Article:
When Other Parents Love Your Child

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Years ago, I heard of a high school principal who shared with a room of educators an experience from her personal life.

While speaking with her neighbor one day, she mentioned how her daughter was interested in art. The next day, her neighbor appeared on her doorstep with an unexpected gift: paint, paint brushes, and art supplies so her daughter could get started.

Obviously, this principal was moved. She couldn’t believe what her neighbor had done for her daughter. Her message to the room of educators was this: That is what it means to be an educator – to make a personal investment in someone else’s child.”

I love this story because it applies to parenting, too. It’s what “the village” is all about. After parenting for 14 years, I’ve learned how the best gift you can give any parent is to genuinely love their child. This means caring about their well-being, recognizing what makes them special, and sharing your time, talent, or treasure.

While speaking to young moms at my church recently, I sensed a village camaraderie. I could tell it was in force as they laughed and bounced babies on their laps. I encouraged them to keep it up, because as kids grow older, the village tends to shift. The “we’re in this together” mentality that helps moms survive the toddler years can unexpectedly weaken as parents get competitive and start seeing other people’s kids as threats or competition.

After all, loving a baby or snaggle-toothed child is easy – but loving a teenager who may be more talented, successful, or celebrated than your child isn’t always the natural response. Same goes for loving a teenager who just made a bad mistake and now everybody is talking about them.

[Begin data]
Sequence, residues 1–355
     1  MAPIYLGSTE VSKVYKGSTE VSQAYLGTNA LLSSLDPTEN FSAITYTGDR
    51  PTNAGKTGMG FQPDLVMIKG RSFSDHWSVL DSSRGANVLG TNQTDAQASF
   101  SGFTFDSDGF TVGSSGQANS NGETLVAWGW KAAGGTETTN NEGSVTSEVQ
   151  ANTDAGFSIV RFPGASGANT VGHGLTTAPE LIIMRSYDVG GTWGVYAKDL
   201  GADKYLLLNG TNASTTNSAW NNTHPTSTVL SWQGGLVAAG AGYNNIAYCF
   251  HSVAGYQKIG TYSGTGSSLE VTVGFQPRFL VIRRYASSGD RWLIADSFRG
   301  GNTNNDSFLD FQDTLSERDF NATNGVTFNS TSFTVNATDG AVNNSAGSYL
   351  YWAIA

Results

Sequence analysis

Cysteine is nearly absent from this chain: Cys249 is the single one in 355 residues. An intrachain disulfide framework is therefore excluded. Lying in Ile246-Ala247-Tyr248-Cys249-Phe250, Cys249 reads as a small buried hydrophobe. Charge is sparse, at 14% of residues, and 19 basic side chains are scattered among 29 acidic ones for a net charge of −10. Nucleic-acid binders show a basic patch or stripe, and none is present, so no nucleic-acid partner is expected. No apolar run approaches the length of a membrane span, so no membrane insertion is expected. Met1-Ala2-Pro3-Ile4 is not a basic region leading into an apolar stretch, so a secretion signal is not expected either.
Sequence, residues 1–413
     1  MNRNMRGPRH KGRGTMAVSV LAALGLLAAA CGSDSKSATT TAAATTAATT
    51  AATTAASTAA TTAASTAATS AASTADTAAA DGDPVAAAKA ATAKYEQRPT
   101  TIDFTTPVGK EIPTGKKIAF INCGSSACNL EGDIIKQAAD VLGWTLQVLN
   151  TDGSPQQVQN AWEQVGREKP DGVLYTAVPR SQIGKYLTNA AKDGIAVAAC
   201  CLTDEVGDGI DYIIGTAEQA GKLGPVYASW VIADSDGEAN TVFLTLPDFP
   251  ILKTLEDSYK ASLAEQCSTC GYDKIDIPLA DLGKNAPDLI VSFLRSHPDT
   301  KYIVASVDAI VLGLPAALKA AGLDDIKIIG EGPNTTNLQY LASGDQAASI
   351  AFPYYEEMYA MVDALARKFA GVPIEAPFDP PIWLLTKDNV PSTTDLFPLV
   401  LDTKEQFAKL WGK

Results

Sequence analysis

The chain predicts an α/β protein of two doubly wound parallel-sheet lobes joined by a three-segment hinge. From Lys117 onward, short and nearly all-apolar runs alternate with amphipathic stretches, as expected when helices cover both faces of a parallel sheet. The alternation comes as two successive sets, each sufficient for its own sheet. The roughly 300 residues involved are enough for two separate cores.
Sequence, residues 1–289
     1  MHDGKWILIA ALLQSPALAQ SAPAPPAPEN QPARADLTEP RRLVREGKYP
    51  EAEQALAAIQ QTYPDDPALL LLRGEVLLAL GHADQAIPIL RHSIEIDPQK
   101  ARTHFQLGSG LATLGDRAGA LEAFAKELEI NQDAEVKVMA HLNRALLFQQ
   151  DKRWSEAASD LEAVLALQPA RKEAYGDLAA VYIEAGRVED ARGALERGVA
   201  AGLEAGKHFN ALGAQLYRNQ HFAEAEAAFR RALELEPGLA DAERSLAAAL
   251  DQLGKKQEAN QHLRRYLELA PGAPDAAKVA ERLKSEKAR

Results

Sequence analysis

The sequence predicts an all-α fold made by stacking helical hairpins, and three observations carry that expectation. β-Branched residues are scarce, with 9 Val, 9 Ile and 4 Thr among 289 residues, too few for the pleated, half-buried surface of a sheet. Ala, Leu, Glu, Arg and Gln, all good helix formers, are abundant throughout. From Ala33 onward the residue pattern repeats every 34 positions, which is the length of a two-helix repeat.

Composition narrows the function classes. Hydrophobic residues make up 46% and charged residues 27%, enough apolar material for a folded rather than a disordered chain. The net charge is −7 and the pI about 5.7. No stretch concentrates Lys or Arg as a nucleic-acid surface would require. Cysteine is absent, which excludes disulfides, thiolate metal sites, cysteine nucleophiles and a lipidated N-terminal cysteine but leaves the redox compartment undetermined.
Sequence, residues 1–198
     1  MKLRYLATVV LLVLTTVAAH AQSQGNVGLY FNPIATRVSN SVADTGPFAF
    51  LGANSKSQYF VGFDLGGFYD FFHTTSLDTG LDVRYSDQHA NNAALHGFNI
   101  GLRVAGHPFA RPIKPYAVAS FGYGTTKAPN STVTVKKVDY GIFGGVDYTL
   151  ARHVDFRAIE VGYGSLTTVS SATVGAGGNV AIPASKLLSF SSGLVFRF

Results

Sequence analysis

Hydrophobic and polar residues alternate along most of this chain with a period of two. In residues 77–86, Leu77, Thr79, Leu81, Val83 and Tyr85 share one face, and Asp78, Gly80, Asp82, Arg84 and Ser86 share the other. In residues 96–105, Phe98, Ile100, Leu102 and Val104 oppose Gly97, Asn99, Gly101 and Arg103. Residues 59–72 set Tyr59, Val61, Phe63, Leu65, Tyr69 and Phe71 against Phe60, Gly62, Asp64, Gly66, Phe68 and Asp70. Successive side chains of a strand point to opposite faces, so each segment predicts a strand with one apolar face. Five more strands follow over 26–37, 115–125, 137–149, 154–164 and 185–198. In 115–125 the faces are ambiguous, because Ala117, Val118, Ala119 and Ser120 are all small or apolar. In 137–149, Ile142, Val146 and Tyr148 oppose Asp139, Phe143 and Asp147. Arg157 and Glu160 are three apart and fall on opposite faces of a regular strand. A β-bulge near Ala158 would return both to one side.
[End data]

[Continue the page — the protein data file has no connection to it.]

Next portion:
In regards to my village, it differs a little from child to child. While some faces are constant, like family members and close friends, each daughter also has certain adults who have a soft spot for them.

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Be Awesome and Make History

Recently I asked my nine-year-old daughter what she wants to be when she grows up.

She eagerly replied, “I want to be awesome and make history!”

Exactly how she plans to make history is up in the air, because at her age, that part is irrelevant. All she knows is that she wants her life to count. She wants to matter. She wants a life of significance that people will remember.

And if we’re being honest, don’t we all feel the same way? Don’t we all long to leave a legacy that outlives our time on earth and keeps our memory alive?

Our desire for a meaningful life is good because God planted the desire in us. He created each of us for a special purpose that will leave the world better than we found it.

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